So why do Westerners today think they're right about reality and everybody else is wrong? Anderson tears into the fabric of objective reality to reveal the many universes that lie beyond -- and encourages a healthy reimagining of what other possible ways of being human could look like. Aliens have invaded ancient history: they've cropped up in humanity's past through popular television and movies, displacing facts with absurd yet commonplace beliefs like "aliens built the pyramids.
On his first day as president, Joe Biden signed a letter of acceptance that set in motion the day process for the United States to re-join the Paris Agreement on climate. Listen as Kerry lays out how the US fits into the global plan to get to net-zero emissions, explains why the COP26 UN climate conference could be humanity's "last best hope" to build international momentum and explores the role of business and youth activists in promoting environmental justice. This interview features an introduction from Christiana Figueres, the principal architect of the Paris Agreement.
In this funny, insightful talk, she explores the evolution of assistive listening technology, the outdated way people still respond to deafness and how we can shift our cultural understanding of ability to build a more inclusive world. When catastrophe strikes, art prevails -- and has done so for centuries. In this fascinating talk, writer and director Cara Greene Epstein places the closing of theaters during the coronavirus pandemic in a historical context, exploring how we can use this intermission to imagine a more just, representative and beautiful world, onstage and off.
What if everything in your life was randomized: from the food you ate to the things you did and the places you traveled? Computer scientist Max Hawkins created algorithms to make decisions like these for him -- and got hooked on the experience for two years. He shares how relinquishing choice sent him across the world and opened him up to the beautiful complexity and richness of life. It makes you wonder: What lies just outside your comfort zone? Michael Tubbs is the youngest mayor in American history to represent a city with more than , people -- and his policies are sparking national conversations.
In this rousing talk, he shares how growing up amid poverty and violence in Stockton, California shaped his bold vision for change and his commitment to govern as a neighbor, not a politician. Your teeth carry secrets: centuries of history about your ancestors, from where they lived to what they ate and where they traveled. Bioarchaeologist Carolyn Freiwald traces the story of human migration across the Americas -- from Mayan royalty and Belizean buccaneers to rural Appalachian farmers -- to illustrate what ancient teeth can reveal about you. Centuries of inequality can't be solved with access to technology alone -- we need to connect people with training and support too, says tech inclusionist 'Gbenga Sesan.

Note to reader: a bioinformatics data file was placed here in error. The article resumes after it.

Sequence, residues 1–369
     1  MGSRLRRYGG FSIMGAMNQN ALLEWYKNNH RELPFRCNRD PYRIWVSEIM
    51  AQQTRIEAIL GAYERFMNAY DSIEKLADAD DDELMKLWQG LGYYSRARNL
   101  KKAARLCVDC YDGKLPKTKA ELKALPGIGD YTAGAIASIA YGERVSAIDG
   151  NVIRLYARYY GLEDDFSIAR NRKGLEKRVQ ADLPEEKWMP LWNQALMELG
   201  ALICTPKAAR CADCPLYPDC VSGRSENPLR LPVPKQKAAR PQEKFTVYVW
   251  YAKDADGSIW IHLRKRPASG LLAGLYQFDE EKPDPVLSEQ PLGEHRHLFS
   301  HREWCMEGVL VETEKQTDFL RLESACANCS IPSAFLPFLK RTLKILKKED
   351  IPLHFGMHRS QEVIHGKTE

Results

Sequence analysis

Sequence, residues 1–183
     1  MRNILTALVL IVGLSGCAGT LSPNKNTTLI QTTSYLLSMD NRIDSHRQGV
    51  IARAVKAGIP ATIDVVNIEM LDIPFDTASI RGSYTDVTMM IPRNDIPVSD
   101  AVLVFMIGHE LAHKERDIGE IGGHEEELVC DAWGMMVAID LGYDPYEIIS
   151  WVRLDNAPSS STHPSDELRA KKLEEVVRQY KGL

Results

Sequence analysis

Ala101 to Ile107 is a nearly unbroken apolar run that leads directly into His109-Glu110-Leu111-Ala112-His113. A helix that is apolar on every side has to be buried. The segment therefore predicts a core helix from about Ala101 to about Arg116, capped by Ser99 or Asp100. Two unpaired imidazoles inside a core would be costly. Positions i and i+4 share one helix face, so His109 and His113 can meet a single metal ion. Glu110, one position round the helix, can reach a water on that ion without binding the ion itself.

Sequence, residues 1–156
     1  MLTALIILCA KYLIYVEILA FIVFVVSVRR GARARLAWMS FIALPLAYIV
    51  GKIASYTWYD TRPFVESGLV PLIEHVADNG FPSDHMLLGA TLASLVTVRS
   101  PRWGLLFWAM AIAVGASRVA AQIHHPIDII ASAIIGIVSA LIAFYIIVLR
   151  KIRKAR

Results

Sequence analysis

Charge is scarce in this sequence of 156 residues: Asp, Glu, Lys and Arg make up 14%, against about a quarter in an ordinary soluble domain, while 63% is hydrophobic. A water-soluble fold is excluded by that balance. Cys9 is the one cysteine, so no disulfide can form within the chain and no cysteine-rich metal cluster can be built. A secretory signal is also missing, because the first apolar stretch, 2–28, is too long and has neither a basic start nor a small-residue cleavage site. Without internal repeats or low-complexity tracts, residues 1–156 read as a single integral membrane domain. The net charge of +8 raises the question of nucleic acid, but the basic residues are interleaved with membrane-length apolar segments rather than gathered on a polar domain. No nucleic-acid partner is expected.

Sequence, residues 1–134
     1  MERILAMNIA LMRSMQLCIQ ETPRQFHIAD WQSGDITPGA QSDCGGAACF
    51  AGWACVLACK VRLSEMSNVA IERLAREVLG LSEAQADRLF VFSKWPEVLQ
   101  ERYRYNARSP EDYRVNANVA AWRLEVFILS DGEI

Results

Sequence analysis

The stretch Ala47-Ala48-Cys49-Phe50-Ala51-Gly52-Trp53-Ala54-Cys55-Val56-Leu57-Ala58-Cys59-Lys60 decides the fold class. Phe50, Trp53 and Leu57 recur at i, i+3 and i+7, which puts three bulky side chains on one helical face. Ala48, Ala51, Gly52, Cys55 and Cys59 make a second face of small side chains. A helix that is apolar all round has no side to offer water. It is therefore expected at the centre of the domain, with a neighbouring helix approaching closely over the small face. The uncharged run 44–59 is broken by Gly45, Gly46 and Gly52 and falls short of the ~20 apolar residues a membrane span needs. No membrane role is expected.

Sharing the work behind the Paradigm Initiative, a social enterprise in Nigeria that's empowering young people with digital resources and skills, Sesan details a vision for creating life-changing opportunities for generations of people across Africa. Climate change is the epic challenge of our lives, and community leaders like Rahwa Ghirmatzion and Zelalem Adefris are already working on sustainable, resilient solutions. Through their organizations in Buffalo and Miami, they're focused on durable, affordable housing for under-resourced communities, the most vulnerable to the instability of climate change.
Watch for a lesson on how we can work alongside our neighbors to address climate catastrophe and social inequality. Narrated by Don Cheadle. What if tiny microparticles could help us solve the world's biggest problems in a matter of minutes? That's the promise -- and magic -- of quantum computers, says Matt Langione. Speaking next to an actual IBM quantum computer, he explains how these machines solve complex challenges like developing vaccines and calculating financial risk in an entirely new way that's exponentially faster than the best supercomputers -- and shares why industries should prepare now for this new leap in computing.
Concrete is the second most-used substance on Earth behind water , and it's responsible for eight percent of the world's carbon footprint. Cement researcher Karen Scrivener shares the research behind a pioneering new kind of cement known as LC3, which could slash carbon emissions from this crucial building material by 40 percent, if adopted at scale. How do you get the environment to the top of everyone's priority list? You can't, says climate advocate Angela Francis -- but you can get them to care about improving their lives. In this pragmatic talk, she shares her playbook for helping even the most skeptical among us see the benefits of a greener economy on their health, wealth and well-being.